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SANAA (Reuters) - Masked gunmen shot dead a senior intelligence official in Sanaa on Monday, a security source said, the latest in a series of assassinations in Yemen as the U.S.-allied government battles al Qaeda militants.

Abdulilah Al-Ashwal, a colonel in the Political Security Office, the domestic intelligence service, was leaving a mosque in the Safiya district of Sanaa when gunmen on motorcycles opened fire on him, the source said.

There have been a number of assassinations and assassination attempts on security officials and politicians following the ejection of Islamist militants from towns in Abyan province in south Yemen after they took control during the turmoil of the uprising that forced former president Ali Abdullah Saleh from office in February.

Saleh's successor Abd-Rabbu Mansour Hadi has cooperated with Washington in an effort to crush the militants, including stepped up air strikes using U.S. unmanned planes or drones.

Restoring stability to Yemen has become an international priority due to fears that al Qaeda and other Islamist militants could become entrenched in a country which neighbors oil producer Saudi Arabia and lies on major shipping lanes.

The attack comes on the eve of 50th anniversary celebrations of the Yemeni republic, set up in 1962. A suicide bomber killed 100 people at a military parade during celebrations of the 1990 unification of the former North and South Yemen states.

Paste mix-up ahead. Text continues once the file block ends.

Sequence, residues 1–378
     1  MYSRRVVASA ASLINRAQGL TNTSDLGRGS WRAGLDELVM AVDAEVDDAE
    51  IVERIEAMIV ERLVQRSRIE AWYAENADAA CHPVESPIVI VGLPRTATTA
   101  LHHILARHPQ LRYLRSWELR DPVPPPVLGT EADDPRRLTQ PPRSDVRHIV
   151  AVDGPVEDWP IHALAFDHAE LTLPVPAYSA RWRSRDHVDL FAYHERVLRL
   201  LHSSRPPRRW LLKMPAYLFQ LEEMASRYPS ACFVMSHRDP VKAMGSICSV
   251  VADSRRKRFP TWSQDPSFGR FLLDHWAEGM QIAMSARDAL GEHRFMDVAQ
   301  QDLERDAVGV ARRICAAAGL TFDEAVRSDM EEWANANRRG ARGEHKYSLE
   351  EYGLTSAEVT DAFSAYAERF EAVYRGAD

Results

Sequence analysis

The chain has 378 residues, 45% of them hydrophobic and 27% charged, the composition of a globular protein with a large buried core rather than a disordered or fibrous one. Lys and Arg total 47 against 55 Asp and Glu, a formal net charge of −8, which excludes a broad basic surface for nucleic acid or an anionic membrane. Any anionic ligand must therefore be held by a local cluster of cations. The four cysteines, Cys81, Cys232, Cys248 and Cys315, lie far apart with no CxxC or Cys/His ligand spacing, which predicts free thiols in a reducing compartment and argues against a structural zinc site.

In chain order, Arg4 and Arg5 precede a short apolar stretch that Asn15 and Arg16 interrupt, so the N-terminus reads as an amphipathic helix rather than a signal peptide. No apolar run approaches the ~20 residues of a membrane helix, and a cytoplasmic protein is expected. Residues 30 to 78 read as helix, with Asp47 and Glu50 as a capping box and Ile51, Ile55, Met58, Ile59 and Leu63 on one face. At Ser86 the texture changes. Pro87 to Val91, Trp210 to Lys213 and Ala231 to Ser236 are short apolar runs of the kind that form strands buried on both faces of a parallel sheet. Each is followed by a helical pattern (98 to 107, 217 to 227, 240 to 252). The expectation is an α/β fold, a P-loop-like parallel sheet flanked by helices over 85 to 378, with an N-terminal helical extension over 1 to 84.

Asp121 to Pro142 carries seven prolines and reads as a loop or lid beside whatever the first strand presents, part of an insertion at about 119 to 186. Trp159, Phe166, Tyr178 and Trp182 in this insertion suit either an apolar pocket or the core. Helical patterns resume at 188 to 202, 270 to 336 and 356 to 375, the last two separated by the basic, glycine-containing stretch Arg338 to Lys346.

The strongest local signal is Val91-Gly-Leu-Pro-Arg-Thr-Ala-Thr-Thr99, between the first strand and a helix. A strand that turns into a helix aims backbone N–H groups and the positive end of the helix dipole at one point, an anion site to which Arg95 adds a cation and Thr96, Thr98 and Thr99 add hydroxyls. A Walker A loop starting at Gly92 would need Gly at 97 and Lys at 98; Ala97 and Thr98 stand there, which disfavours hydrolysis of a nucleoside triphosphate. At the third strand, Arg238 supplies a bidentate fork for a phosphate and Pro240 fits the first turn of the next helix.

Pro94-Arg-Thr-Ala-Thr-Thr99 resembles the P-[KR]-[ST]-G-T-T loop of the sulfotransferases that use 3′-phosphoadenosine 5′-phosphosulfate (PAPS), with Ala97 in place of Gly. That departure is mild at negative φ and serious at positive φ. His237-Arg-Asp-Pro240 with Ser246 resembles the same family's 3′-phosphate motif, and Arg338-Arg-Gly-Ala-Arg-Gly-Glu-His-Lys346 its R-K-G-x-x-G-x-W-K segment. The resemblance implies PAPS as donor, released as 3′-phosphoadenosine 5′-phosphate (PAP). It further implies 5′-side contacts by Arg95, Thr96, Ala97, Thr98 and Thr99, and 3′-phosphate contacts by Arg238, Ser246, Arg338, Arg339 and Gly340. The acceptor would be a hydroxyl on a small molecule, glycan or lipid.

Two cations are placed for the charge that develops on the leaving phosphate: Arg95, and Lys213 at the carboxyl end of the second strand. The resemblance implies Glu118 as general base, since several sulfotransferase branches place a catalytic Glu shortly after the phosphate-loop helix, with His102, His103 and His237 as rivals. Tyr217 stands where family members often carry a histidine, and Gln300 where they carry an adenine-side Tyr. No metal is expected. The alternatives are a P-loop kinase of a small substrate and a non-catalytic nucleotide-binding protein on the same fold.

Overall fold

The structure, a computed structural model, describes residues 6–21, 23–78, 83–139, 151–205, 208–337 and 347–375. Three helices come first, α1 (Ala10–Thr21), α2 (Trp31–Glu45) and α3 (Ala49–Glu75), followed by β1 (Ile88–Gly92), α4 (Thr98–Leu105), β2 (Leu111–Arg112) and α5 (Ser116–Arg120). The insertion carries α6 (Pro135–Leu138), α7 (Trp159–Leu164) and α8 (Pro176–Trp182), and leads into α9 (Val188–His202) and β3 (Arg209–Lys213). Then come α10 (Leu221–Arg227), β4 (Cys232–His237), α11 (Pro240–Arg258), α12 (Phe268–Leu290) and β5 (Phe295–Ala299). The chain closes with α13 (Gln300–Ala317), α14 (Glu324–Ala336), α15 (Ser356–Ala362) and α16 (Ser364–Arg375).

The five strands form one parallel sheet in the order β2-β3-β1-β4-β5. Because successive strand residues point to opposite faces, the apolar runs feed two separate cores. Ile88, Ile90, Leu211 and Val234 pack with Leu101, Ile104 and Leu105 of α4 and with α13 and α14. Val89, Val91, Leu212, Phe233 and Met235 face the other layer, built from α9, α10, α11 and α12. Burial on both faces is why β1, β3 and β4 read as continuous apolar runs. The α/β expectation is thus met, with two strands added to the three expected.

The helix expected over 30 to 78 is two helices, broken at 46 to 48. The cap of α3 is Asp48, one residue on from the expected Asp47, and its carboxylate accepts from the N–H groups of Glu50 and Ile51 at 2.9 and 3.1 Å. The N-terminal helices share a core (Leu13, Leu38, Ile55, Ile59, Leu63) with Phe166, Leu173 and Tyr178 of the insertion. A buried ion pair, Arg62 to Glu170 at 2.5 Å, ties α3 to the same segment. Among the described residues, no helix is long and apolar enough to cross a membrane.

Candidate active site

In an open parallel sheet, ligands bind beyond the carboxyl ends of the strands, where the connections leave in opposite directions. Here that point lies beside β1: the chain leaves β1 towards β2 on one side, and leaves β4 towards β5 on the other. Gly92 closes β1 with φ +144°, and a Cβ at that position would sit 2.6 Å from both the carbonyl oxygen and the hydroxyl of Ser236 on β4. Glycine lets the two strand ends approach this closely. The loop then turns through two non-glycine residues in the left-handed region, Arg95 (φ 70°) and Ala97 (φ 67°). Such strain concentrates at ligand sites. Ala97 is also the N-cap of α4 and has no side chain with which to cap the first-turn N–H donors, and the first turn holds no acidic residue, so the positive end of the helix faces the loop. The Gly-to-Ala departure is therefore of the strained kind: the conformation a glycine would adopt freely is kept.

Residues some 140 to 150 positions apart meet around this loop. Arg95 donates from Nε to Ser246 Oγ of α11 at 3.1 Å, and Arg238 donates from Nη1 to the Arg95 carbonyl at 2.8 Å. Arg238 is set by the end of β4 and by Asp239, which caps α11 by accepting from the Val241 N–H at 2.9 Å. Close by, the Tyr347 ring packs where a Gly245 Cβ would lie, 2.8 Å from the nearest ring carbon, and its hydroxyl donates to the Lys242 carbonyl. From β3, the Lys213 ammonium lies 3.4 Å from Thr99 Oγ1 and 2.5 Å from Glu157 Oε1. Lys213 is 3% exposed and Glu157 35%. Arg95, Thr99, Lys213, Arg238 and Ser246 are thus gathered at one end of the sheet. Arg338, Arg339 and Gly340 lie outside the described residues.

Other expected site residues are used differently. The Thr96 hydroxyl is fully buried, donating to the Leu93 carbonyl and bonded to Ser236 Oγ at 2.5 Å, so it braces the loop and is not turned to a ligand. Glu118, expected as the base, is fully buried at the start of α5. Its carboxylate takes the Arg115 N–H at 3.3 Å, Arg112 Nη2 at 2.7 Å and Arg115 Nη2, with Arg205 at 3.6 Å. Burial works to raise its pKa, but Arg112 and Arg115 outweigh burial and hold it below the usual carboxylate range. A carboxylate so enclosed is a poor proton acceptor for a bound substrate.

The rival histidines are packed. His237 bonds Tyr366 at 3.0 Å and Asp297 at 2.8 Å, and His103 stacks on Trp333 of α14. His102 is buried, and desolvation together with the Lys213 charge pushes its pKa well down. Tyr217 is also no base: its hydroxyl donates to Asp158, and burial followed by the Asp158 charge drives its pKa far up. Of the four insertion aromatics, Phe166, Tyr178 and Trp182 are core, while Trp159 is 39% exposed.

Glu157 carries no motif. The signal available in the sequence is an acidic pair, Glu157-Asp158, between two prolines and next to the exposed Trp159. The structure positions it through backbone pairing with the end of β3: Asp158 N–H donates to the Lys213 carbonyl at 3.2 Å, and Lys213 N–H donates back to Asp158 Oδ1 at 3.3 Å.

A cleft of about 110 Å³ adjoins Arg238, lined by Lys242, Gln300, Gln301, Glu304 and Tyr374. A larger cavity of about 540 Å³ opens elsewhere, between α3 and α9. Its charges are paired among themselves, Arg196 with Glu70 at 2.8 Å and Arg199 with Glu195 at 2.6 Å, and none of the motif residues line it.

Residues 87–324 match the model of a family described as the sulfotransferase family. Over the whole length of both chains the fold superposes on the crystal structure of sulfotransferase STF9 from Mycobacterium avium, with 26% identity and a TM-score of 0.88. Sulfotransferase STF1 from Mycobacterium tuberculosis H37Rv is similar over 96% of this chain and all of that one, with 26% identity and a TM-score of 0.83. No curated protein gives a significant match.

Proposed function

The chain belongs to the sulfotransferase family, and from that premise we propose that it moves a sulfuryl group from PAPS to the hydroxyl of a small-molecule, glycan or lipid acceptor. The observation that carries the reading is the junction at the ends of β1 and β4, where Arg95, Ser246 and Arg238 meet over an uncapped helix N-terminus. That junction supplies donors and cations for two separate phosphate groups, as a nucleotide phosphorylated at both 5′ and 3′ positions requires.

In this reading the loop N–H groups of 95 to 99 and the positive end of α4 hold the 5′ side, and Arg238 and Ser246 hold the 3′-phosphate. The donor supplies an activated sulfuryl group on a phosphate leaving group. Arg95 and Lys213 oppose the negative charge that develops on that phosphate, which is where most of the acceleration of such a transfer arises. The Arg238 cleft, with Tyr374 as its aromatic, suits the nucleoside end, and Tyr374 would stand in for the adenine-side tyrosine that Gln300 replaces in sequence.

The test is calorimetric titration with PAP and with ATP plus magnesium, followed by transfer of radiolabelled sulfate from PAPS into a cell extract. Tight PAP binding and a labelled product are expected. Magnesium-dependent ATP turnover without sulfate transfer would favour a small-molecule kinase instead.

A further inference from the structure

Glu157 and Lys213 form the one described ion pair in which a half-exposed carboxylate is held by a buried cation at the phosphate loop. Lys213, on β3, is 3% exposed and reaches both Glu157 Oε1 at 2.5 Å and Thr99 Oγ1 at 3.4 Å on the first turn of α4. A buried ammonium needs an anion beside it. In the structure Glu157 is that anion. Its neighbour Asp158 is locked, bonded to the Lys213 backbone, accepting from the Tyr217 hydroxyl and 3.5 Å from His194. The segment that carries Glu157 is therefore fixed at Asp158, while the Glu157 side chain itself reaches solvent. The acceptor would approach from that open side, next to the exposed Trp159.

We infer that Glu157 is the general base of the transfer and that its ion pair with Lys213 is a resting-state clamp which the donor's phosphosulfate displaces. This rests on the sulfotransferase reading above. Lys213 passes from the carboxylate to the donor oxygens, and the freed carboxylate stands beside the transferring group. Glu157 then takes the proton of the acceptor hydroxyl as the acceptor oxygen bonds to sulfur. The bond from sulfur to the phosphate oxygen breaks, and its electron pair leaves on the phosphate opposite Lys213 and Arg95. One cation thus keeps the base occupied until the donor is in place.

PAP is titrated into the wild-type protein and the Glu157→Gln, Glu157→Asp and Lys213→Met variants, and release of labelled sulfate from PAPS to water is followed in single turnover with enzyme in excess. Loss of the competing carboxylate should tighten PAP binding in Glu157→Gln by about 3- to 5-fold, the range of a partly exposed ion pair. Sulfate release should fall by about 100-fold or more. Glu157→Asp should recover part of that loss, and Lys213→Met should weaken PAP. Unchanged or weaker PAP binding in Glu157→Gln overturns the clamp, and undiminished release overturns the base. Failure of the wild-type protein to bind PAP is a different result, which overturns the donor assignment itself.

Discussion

Hadi left this week on a 10-day trip to attend a U.N. General Assembly session in New York.

Security has continued to suffer from a power struggle in security and military units, as Hadi tries to remove figures close to Saleh who still head many bodies.

Domestic intelligence chief Ghaleb al-Qamish is viewed as having remained neutral during the protests against Saleh but his agency has played a major role in the fight against al Qaeda. Suspected militant detainees are held in its prisons.

Last week the government began procedures to try 41 men who were seized in the fight to oust militants from Abyan this year.

(Reporting by Mohammed Ghobari; Writing by Andrew Hammond; Editing by Janet Lawrence)

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